Monthly Archives: December 2011

Last Minute Polling

Busy day today, but I wanted to send one quick Iowa polling update.

In Iowa, the most recent poll (by American Research Group) shows very little change, with Paul (21%), Romney (20%) and Gingrich (19%) essentially tied for the lead. (The poll’s margin of error is +/- 4 points).   No other candidate reaches double figures, but 12% remain undecided.  Once again, Paul does better among independents. who constitute 22% of the poll.  Although the race remains very fluid, with a week to go it appears to be a toss-up among these three.  Perhaps the most interesting takeaway is how steady Romney’s support is – he never gains, but doesn’t lose either.

If I can, I’ll post a more extended discussion later tonight.


Who Doesn’t Love A Newt? Why Gingrich Should Win the Presidency

With friends like these, who needs enemies?  While Newt Gingrich has been touting the virtues of the 11th commandment (Thou Shall Not Speak Ill of a Fellow Republican), and reminding everyone how much he respects his competitors for the party nomination, they have unleashed a barrage of negative advertising  in Iowa designed to blunt his momentum there.  As this New York Times graphic indicates, much of the negative advertising has been paid for by so-called SuperPacs who, in theory, cannot coordinate their expenditures with any candidate.  But this does not prevent them from spending money on a candidate’s behalf. The L.A. Times reports: “According to the Center for Responsive Politics’ Open Secrets website, which tracks political spending, the pro-Romney group Restore Our Future has spent $2.5 million attacking Gingrich, $1.4 million of it in the last week. That makes Gingrich by far the most besieged candidate of the 2012 presidential cycle. Even President Obama has generated only $1.28 million in spending on negative ads, though far more will come in the general election. One ad analysis company, Kantar Media, said that Iowa airwaves had been clogged with more than 1,200 anti-Gingrich messages in the last several weeks.”

So far the ads appear to have hit their target; Newt’s polling numbers in Iowa have dropped, although his decline has not yet been matched by a corresponding polling climb by either Paul or Romney; the three are now in a scrum at the top with each drawing between 15-25% depending on the poll.  While he waits for his own shadow SuperPac-backed advertising to make an impact in Iowa through media buys, Gingrich has been forced to rely on free media to fight back against the paid advertising onslaught. Critics, however, are suggesting that Newt has already waited too long in responding in kind to the negative attacks.

Meanwhile, the Republican establishment has made it as clear as can be that they would rather eat chicken with their fingers  alongside the hired help than see Newt become president.  Yesterday George “Poppy” Bush unofficially endorsed Mitt Romney for Club President while taking a thinly veiled shot at the Newtster. ( As Jack Goodman points out, the photos from this endorsement session may not play as well as Romney would hope outside the country club set.  Here Poppy and the Silver Fox doze while Mitt regales them with tales from his days “roughing it” in Paris. “So that’s when I realized Chub had short-sheeted me – goldarn that rascal!”)

Poppy’s endorsement came on the heels of George Will’s blistering editorial  characterizing Newt as the anti-conservative candidate. Will’s is but the latest salvo from pundits and party leaders essentially saying that Newt is unelectable.  At this point  it seems as if those sentiments are fueled as much by fear that Newt might win the nomination than by any rational reading of the polls, but no matter – they are sticking by their claim.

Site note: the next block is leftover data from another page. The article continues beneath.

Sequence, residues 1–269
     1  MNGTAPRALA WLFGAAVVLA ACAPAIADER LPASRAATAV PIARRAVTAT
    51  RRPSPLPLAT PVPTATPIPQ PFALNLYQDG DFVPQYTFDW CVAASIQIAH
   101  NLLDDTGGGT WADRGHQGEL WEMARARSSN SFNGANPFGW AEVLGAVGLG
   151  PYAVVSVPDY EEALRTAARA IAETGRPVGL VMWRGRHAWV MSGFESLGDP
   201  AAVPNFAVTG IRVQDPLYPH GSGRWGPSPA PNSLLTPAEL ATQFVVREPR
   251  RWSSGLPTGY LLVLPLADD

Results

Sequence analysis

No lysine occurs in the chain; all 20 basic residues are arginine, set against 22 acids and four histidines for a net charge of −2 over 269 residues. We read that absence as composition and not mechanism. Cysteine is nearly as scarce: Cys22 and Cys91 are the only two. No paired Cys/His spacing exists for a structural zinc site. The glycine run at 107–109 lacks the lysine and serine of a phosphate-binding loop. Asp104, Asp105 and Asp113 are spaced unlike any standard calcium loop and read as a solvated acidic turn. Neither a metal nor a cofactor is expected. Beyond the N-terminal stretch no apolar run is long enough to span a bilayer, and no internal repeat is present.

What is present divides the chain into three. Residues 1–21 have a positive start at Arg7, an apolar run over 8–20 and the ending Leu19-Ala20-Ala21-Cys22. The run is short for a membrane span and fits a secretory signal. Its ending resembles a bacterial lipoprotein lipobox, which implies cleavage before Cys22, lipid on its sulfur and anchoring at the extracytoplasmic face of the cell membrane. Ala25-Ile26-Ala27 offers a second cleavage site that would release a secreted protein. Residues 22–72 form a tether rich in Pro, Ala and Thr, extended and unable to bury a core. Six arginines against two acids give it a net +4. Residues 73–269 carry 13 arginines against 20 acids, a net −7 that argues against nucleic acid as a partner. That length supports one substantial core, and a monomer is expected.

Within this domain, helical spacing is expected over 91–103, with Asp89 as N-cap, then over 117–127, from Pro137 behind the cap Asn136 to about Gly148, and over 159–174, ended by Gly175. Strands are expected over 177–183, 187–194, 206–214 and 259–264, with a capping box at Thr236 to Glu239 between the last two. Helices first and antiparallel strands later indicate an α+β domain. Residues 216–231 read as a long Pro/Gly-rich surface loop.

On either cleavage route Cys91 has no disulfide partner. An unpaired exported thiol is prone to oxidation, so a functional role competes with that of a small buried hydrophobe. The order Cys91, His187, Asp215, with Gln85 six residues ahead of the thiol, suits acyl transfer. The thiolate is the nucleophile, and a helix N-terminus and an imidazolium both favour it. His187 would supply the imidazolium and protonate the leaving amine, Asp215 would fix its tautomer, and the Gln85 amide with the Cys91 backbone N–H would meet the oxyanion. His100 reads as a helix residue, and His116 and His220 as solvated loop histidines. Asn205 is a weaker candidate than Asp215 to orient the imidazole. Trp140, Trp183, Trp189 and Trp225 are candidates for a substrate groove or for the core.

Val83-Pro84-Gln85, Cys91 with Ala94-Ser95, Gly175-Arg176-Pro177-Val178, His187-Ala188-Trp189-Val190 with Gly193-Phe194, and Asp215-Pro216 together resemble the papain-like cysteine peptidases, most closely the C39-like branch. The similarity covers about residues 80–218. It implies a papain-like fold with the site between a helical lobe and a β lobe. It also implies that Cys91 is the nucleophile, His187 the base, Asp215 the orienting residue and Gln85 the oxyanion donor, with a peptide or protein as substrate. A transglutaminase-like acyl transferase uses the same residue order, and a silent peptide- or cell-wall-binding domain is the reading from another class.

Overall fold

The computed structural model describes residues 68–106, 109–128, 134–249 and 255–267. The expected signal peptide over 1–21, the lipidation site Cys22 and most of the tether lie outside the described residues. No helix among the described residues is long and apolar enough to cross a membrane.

Is there anyone who would like to see Newt win this thing (besides those Tea Party crazies who appear ready to vote for him)?   Why yes – the nation’s artists!  Cartoonists are salivating at the prospect of replacing the relatively bland Obama with their dream caricature.  And songwriters can dust off all those old Newt protest songs that were in vogue two decades ago! (Hat tip to Sally…) .


So, in the spirit of giving, let’s all raise up our tails and give Newt a holiday salute!

Does Iowa Even Matter? The Latest Polls Results

Will the results of the January 3 Iowa caucus even matter to the outcome of the 2012 Republican presidential nomination? My colleague Bert Johnson and I have discussed this matter here.  Bert’s basic point is that the Iowa caucus helps voters solve what he calls a coordination problem, in which those who share a similar ideology and policy preference must decide which candidate to coalesce behind.  In so doing, they give that candidate “momentum” going into later contests.  Bert’s claim is consistent with conventional wisdom among political scientists which argues that Iowa’s significance lays not so much in who wins the caucus as it does in who loses. Simply put, those who fail to meet expectations drop out of the race, thus helping solve the coordination problem.

While I don’t disagree with the basic logic that says early nomination contests help winnow the field, the historical record indicates that Iowa has not played much if any role in that winnowing process. In looking at previous Iowa caucus results dating back to the start of the modern primary-centered nominating process in 1972 there has been only one year by my admittedly back-of-the-envelope calculation where the results in Iowa have served to directly winnow the field in significant numbers. As the table below indicates, that would be the Democratic contest in 2008, which eliminated three candidates of the six Democrats actively campaigning there: senators Joe Biden and Chris Dodd, and Governor Bill Richardson. (Note: I only included candidates who received 1% or more support in the Iowa caucuses.)